And that sums up the problems with investing in Chinese companies, listed in Singapore (or Malaysia for that matter): even the bank balance can't be trusted.

My guess is, there is a huge difference in the bank balance, and (needless to say) the difference is not in a positive way.

On top of that, I don't like the response of the bank, they should mention how much the bank balance is, according to their books. They know from the correspondence that there are some major problems regarding HMW, and they should fully cooperate. By not elaborating they have not cooperated, I have some serious doubts with whom their loyalty lies.

"Given the discrepancies relating to the bank cash balances, the Audit Committee intends to conduct a special audit into the financial affairs of the Group, which could include, inter alia, ascertaining the bank cash balances, verifying the accounts receivables and payables and confirming the property, plant and assets of the Group.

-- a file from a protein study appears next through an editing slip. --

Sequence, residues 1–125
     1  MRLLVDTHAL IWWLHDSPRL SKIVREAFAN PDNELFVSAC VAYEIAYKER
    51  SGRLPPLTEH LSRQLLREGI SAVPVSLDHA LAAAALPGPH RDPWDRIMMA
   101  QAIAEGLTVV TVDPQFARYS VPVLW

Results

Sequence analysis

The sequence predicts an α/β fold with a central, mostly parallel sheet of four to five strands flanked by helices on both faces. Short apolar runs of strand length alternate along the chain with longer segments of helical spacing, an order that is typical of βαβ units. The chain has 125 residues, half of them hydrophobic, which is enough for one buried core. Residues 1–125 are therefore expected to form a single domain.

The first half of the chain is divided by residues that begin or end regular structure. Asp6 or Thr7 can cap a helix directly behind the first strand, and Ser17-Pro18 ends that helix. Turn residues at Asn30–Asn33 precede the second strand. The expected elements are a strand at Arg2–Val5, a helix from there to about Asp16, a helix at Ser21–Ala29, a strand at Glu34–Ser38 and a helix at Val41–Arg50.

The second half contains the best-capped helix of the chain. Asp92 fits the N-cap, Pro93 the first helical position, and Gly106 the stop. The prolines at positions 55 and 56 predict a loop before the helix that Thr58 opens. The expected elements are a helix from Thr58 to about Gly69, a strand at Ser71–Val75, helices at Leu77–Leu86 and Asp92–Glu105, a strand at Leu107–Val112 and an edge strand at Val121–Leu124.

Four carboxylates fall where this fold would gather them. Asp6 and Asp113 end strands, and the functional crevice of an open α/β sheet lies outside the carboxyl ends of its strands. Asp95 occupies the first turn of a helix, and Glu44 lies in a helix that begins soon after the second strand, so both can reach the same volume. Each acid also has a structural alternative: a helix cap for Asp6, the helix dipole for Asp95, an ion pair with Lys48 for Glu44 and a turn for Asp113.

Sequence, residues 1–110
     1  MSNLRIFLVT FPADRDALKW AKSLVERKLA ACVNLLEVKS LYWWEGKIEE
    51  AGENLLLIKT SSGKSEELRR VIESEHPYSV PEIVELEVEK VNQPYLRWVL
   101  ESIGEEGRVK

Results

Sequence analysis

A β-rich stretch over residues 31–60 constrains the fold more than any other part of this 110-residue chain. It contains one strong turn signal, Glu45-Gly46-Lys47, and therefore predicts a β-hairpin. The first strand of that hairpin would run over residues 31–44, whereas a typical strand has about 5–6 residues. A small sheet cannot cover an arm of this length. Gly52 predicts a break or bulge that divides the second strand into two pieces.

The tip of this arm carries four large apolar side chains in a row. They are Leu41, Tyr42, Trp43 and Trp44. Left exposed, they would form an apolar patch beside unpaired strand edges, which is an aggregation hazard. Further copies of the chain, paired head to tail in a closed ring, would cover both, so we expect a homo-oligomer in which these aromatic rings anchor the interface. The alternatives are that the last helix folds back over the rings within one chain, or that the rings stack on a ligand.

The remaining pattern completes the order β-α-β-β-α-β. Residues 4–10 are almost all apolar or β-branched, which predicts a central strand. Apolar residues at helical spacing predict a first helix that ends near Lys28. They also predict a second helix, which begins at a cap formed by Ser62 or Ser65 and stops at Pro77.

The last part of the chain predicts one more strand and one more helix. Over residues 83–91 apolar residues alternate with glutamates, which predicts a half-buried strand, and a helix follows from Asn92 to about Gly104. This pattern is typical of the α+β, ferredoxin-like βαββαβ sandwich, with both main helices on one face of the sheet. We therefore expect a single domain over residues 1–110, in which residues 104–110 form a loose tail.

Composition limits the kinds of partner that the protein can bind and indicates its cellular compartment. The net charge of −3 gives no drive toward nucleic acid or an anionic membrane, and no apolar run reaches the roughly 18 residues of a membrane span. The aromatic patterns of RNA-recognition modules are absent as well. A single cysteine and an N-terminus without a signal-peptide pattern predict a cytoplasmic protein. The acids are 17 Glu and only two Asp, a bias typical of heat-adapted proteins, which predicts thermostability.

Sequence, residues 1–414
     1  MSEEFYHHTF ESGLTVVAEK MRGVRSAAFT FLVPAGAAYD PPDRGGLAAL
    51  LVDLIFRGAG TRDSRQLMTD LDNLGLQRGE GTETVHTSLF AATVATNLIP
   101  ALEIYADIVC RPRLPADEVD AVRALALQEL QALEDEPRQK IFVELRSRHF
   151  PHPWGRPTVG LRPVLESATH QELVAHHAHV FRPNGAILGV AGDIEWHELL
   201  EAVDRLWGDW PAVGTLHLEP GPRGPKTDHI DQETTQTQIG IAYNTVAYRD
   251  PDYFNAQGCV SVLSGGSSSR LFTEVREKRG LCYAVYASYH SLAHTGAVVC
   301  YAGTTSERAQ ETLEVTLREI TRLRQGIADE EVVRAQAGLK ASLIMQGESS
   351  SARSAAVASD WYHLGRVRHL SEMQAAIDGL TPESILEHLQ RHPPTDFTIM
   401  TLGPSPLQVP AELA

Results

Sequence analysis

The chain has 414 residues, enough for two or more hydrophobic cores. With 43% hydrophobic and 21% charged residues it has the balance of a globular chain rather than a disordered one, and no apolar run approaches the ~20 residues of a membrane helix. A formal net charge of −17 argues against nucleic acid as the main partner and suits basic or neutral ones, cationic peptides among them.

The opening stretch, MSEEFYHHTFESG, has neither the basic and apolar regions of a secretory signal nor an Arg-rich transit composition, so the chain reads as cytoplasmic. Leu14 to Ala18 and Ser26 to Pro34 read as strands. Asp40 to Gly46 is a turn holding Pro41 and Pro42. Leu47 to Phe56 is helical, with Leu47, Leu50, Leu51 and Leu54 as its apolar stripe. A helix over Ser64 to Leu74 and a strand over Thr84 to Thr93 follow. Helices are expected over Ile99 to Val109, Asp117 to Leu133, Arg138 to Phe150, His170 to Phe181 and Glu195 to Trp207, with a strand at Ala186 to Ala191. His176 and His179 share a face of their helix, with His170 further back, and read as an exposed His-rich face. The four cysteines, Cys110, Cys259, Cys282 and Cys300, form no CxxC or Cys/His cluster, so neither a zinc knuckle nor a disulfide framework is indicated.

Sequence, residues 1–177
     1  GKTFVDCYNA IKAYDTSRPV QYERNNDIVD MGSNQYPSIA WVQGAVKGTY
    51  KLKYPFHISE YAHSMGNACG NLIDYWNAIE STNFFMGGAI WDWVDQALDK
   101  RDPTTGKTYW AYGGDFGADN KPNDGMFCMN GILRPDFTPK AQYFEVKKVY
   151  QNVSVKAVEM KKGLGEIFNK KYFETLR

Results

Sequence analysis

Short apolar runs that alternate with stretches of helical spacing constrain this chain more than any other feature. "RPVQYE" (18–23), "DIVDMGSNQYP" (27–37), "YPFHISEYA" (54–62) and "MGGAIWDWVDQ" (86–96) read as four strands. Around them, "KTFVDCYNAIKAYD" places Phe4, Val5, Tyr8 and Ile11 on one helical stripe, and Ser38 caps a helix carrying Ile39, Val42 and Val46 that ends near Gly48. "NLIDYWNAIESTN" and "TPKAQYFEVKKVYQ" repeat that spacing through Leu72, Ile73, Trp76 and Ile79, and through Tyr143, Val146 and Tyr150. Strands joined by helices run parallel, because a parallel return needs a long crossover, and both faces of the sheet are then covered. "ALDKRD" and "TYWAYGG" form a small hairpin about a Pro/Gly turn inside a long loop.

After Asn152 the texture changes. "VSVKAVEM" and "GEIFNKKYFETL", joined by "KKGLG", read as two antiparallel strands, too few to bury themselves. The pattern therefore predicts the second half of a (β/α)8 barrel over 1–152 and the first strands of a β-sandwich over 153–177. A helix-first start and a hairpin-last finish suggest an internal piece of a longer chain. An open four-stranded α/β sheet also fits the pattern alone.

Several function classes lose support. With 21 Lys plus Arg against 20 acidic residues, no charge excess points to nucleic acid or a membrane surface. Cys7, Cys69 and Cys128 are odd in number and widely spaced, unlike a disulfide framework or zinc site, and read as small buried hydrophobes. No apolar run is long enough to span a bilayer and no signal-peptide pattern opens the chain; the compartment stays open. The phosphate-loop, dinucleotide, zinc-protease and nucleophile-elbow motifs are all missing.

However, given that the above would require the cooperation of the PRC management, there is no assurance that the special auditors (when appointed) would be able to conduct the special audit."

In other words, we might never even know how bad the situation is, or what exactly has happened. Pretty shocking.

And some more bad news:

"Due to the disruption to the Company’s management, the Group’s operations in China remain suspended and the staff did not return to work since the end of the Chinese New Year holiday period."

Investors who own shares in Eratat should be prepared for the worst. The share is suspended.

Tuesday, 25 February 2014

Good warning on perils in the oil and gas industry

Article in The Star: "Beware of risks in investing in sizzling oil and gas".

"... making money from the O&G business isn’t easy. Our market has seen its fair share of O&G companies that had stumbled in the past.

As examples, consider the stories of Ramunia Holdings Bhd, KNM Group Bhd Malaysia Marine, Heavy Engineering Holdings Bhd (MMHE) and the Scomi group. These stocks were at one point the darling of investors.

But at some point, they struggled to execute their businesses well. O&G fabricator Ramunia had slipped into PN17 status in June 2010. To quote from a Maybank research report dated April 2010: “Ramunia is in bad shape operationally and financially. It faces declining order book, earnings and shareholders funds due to poor project execution and negative cash flows.”